EUGENE, Ore. (AP) — A man has threatened to sue city officials in Eugene, Oregon, because of a Christmas banner that he believes is a violation of the separation of church and state.
The banner that stretches above a downtown street advises people to attend church this Christmas and celebrate Jesus Christ.
Rene Salm, a published atheist who lives in Eugene, told The Register-Guard on Tuesday that he has contacted the American Civil Liberties Union and is trying to find a lawyer.
"I feel like I'm being assaulted, telling me to go to church and celebrate Jesus," said Salm, who has published books titled "NazarethGate" and "The Myth of Nazareth."
Other residents have raised similar complaints, the newspaper reports.
The city allows community groups and nonprofit organizations to install banners for up to three weeks to promote events. The city has designated three spots for street banners.
The group or organization must submit a completed application and pay a $37.45 fee. It is responsible for installing and removing the banner.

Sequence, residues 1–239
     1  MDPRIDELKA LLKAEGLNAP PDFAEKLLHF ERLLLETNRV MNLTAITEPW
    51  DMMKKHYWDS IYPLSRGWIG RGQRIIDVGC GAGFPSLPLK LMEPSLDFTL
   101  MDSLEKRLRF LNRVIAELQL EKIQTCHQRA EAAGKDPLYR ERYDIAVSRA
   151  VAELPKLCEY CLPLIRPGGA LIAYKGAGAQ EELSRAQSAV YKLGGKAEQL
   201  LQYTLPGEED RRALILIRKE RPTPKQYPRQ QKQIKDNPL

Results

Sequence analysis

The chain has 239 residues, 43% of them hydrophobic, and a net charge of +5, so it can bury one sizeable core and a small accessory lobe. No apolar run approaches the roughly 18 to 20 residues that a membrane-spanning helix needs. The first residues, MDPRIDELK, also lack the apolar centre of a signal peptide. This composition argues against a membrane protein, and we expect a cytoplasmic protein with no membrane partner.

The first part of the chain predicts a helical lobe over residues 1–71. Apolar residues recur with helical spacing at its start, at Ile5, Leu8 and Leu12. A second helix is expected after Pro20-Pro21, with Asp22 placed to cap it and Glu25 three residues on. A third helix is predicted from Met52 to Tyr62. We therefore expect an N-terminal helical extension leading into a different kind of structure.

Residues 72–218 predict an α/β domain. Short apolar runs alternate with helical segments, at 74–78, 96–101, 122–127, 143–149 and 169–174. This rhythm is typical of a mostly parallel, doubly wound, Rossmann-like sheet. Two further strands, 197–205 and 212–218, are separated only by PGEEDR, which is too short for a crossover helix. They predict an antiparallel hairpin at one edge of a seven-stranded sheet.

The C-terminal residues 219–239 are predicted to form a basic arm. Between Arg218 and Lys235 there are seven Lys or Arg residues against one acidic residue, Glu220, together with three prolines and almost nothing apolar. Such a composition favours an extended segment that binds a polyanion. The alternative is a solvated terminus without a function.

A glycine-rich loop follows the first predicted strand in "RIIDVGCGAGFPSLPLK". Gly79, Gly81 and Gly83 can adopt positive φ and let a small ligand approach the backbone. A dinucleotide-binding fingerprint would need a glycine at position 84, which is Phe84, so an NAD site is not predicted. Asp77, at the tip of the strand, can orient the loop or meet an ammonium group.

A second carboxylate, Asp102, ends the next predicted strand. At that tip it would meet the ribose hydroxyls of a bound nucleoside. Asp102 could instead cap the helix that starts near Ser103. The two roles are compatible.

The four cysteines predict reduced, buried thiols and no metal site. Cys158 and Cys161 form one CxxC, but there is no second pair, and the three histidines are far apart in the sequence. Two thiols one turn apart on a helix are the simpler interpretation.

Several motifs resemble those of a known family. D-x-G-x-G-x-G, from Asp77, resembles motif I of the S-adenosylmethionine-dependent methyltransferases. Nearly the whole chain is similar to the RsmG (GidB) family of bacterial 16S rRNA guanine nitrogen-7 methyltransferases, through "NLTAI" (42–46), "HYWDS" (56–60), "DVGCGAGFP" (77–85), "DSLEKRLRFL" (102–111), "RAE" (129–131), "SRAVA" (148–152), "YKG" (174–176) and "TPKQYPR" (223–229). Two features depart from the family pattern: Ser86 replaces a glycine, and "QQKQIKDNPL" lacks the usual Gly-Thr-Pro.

Virgil Adams applied in July to hang the Christmas banner between Dec. 12 and Jan. 1, according to a copy of the application.
"He can go and get a permit and do what he wants," Adams said of Salm. "It's a free country."
It's the second year in a row that a Christmas banner has led to complaints in the city that's home to the University of Oregon.
Councilor Betty Taylor raised the issue in February, noting at a council meeting that the banner displayed in December 2016 caused a stir.
Kathryn Brotherton, now Eugene's acting city attorney, responded that the city can't regulate the content of any banner if it makes the space available to the public, so long as the applicant complies with the program's rules.
"A banner advertising an Easter service and a banner advertising a picnic at Alton Baker (Park) have the same ability to buy that spot and be posted there," she said, according to a video of the meeting available online.
Taylor then asked if the city would permit a banner for an event in support of the Ku Klux Klan.
Brotherton answered yes.
Information from: The Register-Guard, http://www.registerguard.com